The contemplation of death and its seeming inevitability...

Saturday News,

The contemplation of death and its seeming inevitability need not make us utterly despondent. Mankind in all ages have been face to face with the impossible, and have triumphed over it. In myriads of cases we enjoy to-day the victories of science which at one time were considered mere chimeras and declared absolutely impossible of attainment. Man is continually triumphing in the material sphere; he is proving himself master of the multitudinous manifestations of force, and science teaches that all things are the result of force. The earth is a mass of manifested forces. In his study of material things and their origins, he is continually coming face to face with the spiritual forces that lie behind them and give them birth and substance. As he faces and studies these forces that lie back of all things which are or seem to be, is it not reasonable to believe that he will bring these causes, as he is slowly harnessing their results, within the grasp of his comprehension and dominion? The conquest of the spiritual lies through the overcoming of the material.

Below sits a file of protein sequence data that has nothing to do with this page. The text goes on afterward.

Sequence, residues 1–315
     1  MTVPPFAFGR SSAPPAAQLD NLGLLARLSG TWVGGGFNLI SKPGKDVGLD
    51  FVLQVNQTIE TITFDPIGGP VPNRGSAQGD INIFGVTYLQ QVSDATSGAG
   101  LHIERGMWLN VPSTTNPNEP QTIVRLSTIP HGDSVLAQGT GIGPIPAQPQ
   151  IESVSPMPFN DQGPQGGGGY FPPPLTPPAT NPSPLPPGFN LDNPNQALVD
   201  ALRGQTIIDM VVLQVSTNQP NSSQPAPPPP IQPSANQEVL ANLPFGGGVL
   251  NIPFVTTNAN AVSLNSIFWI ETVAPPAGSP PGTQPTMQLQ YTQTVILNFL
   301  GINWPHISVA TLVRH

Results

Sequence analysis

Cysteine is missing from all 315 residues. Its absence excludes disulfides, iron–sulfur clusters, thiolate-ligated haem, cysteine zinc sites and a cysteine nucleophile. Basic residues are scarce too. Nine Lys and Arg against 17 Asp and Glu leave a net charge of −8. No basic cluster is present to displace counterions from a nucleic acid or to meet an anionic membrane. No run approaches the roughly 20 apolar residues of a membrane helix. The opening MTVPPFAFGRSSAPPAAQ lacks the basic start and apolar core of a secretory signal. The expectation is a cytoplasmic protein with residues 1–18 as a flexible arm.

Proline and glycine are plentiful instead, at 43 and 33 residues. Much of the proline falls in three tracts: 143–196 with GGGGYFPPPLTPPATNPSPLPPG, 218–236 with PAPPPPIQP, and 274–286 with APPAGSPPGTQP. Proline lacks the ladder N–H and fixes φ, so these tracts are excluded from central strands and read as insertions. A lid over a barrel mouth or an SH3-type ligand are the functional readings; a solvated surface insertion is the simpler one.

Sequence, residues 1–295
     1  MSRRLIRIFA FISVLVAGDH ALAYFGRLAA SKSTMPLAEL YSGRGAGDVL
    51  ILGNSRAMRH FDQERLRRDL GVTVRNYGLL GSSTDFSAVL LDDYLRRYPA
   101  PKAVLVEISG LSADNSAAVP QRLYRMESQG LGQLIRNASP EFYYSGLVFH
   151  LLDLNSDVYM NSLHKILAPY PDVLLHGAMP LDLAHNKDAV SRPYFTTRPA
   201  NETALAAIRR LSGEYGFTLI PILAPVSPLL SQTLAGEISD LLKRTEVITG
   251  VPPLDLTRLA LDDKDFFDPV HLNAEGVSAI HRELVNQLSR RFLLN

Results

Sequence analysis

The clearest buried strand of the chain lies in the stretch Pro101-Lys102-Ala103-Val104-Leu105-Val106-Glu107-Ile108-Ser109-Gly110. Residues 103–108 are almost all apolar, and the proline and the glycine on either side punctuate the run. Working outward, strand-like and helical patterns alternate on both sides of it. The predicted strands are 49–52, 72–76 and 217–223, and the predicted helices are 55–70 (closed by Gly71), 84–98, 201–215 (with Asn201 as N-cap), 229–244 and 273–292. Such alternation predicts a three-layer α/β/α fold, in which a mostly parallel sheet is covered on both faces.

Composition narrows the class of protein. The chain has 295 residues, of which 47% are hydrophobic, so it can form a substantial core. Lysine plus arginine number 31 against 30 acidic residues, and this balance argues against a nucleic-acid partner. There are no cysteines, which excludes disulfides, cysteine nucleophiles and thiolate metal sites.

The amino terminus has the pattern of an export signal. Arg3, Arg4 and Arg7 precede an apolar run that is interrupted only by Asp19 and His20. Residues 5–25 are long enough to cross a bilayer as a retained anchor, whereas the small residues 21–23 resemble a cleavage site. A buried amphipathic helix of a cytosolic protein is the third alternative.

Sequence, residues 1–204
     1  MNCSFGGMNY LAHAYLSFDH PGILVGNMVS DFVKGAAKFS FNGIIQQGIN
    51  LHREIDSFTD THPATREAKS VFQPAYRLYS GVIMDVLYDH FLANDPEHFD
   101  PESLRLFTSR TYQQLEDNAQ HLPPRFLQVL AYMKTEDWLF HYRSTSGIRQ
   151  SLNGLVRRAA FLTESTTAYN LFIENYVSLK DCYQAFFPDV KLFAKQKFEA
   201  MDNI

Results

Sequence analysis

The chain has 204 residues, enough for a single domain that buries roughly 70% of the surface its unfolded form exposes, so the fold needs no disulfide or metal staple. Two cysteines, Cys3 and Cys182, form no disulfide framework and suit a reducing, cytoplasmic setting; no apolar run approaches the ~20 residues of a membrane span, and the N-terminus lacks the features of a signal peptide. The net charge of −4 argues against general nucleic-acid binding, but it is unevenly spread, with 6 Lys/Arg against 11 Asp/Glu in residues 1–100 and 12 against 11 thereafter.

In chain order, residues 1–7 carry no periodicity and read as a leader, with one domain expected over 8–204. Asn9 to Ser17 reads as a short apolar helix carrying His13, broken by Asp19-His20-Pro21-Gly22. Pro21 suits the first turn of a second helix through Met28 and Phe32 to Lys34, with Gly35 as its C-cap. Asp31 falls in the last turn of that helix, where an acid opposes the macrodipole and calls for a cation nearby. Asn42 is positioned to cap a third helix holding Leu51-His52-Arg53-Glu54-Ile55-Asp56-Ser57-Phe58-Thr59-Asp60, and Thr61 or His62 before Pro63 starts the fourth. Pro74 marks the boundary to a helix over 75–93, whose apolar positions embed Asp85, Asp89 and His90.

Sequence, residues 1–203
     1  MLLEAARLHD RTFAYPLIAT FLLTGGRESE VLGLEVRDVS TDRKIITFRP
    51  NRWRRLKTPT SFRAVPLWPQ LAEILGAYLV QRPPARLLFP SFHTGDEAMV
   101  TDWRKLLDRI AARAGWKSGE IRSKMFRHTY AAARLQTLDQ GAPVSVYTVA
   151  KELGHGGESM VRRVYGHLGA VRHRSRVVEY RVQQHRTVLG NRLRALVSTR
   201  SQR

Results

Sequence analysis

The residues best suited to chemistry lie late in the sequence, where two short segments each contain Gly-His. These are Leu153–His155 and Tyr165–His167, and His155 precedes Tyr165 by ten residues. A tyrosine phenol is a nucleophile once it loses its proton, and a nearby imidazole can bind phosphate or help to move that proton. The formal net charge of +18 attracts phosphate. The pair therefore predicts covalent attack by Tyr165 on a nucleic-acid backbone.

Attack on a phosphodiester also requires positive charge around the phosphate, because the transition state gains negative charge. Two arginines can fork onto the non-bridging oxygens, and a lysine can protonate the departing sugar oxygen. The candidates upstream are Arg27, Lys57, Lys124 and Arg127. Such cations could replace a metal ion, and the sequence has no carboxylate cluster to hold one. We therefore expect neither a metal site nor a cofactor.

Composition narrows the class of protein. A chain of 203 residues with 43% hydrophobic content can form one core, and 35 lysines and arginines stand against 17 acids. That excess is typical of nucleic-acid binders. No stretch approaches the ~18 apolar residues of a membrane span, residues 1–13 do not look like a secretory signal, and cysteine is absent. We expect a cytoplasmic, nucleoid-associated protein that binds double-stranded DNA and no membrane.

Men have ever dreamed of the possibility of the conquest of death. Every great mind has dreamed of it, has looked for the day when men shall die no more. When men attack death on the spiritual plane as persistently and sincerely as they now study life on the material plane, the conquest of death will follow as a natural sequence; it will be the final victory proving man's divine origin. And are we not overcoming some of the causes of death, and bridging imperceptibly the gulf that lies between us and the power that lies dormant in every one of us? Was the great Nazarene an idle dreamer, a teacher of fantastic but beautiful impossibilites, as Renan would have us sorrowfully believe, when he declared with all the divine vehemence within him that men would not die who believed in him? The Church throws the proof of his teaching into the future world, after death. Does not this make his statement thus: that if men die, they shall not die? Is not the essence of his teaching that men, some day, in some age of spiritual advancement and transcendental enlightenment, according to laws but dimly perceived as yet, such as we poor mortals scarce can dream of, shall have eternal life without passing through the grim portals of the kingdom of the arch-enemy, death? If men are gradually overcoming the causes of death, and thereby are lengthening the span of life to some mortals, it is within the bounds of possibility that in time even death itself may be overcome and life eternally lengthened for all.

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